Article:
Texas Lantana, West Indian Shrubverbena, Calico Bush, Native Orange
Texas Lantana requires full sun (6 hours or more daily) and soil with excellent drainage. Plants should be placed at least 4 feet apart to allow enough space for their size at maturity. After flowering, clusters of dark berries ripen on the plant. The seeds may be removed from these berries for propagation and planted in late summer. Texas Lantana may also be propagated by digging the root ball and dividing it into smaller sections for re-planting. Several-inch-long cuttings taken in late summer root well when dipped into rooting hormone powder and pressed into moist, well-drained soil.
Minimal care is required for Texas Lantana. This plant is not picky about soil, but excellent drainage is a requirement. Although Texas Lantana is extremely drought-tolerant, a deep, weekly watering is beneficial during the heat of summer. Care must be taken to avoid over-watering. Texas Lantana must be grown in a location receiving at least 6 hours of direct sunlight daily and should be provided with space around it to allow air to circulate. This plant does not require staking or other support.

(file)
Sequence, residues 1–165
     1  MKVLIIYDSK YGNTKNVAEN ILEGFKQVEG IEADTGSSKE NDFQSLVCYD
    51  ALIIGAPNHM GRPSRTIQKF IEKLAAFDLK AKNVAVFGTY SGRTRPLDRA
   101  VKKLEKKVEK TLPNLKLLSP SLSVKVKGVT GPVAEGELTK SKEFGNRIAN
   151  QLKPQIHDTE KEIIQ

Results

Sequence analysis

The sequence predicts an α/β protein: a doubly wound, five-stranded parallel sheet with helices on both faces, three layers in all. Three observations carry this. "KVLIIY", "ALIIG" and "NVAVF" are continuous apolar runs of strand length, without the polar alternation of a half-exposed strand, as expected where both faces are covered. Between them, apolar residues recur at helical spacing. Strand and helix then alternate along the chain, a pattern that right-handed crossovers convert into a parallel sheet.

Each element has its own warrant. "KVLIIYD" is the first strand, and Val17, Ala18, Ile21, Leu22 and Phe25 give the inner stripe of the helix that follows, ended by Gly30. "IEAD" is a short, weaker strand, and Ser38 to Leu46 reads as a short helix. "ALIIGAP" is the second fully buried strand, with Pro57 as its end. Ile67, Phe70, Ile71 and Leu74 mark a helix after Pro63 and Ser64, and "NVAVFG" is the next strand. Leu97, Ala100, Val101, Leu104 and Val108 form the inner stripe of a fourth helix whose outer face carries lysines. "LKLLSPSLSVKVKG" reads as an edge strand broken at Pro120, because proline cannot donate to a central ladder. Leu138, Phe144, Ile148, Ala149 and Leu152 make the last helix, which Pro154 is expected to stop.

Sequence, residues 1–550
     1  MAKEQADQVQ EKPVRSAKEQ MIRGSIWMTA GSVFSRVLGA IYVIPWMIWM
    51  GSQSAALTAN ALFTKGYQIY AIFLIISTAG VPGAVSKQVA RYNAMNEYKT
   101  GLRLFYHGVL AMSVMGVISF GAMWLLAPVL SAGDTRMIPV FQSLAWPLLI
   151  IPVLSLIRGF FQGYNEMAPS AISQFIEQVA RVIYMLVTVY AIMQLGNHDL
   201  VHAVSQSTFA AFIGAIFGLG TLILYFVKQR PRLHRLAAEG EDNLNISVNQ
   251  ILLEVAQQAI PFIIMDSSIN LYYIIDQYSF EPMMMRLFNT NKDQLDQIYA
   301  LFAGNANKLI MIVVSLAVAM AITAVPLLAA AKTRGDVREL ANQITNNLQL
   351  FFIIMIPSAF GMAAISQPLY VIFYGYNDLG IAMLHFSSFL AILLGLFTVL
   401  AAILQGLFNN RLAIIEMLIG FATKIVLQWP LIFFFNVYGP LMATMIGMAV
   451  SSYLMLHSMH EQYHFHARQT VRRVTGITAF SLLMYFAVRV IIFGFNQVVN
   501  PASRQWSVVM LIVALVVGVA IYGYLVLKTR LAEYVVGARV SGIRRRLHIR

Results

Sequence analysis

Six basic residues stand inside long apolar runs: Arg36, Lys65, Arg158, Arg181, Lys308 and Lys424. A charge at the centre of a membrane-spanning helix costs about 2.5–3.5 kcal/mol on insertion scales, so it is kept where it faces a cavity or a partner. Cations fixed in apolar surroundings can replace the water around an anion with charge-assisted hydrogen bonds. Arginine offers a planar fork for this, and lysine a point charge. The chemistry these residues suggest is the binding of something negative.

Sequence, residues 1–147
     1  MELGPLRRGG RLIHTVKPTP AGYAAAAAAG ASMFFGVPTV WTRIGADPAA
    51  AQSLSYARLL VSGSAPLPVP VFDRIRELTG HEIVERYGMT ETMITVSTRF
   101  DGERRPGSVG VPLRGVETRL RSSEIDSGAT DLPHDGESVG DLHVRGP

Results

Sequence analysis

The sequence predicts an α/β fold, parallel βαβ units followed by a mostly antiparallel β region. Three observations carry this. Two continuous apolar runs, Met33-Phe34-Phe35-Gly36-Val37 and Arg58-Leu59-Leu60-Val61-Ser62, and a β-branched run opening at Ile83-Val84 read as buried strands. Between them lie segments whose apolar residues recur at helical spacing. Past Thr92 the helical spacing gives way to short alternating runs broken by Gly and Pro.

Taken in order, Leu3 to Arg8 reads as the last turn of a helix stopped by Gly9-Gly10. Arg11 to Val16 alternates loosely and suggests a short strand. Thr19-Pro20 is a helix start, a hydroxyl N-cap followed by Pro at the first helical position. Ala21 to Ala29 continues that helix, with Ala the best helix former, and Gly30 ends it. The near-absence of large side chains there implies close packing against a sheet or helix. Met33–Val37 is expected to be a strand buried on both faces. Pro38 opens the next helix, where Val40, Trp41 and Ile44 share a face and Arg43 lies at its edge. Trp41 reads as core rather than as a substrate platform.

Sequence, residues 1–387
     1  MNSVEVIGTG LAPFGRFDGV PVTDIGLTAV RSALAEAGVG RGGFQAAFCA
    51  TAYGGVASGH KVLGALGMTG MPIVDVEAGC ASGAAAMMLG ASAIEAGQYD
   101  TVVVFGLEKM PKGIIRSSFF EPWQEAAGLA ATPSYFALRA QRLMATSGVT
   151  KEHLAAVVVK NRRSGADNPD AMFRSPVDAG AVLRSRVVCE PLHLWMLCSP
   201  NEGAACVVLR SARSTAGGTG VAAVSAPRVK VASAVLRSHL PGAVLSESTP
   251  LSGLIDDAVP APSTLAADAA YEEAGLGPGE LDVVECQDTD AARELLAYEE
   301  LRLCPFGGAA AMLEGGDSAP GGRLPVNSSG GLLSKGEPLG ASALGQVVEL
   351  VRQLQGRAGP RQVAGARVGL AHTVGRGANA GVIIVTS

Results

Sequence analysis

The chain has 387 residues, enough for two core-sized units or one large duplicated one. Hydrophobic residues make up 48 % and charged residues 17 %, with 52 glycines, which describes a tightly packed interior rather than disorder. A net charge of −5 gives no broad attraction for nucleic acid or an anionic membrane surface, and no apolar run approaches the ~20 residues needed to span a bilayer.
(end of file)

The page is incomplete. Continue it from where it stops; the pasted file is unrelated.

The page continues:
Texas Lantana plants do not require fertilizer unless container-planted. A container plant may respond well to a general, water-soluble 20-20-20 monthly fertilizer, applied according to the directions on the product label.
Texas Lantana should be pruned back to about 8 inches in early spring to encourage fresh, new growth. Long stems may be trimmed back to maintain a neat form.
Spider mites may occasionally appear on Texas Lantana. These may be treated with insecticidal soap, applied according to the product label directions. Too much water will quickly kill this plant.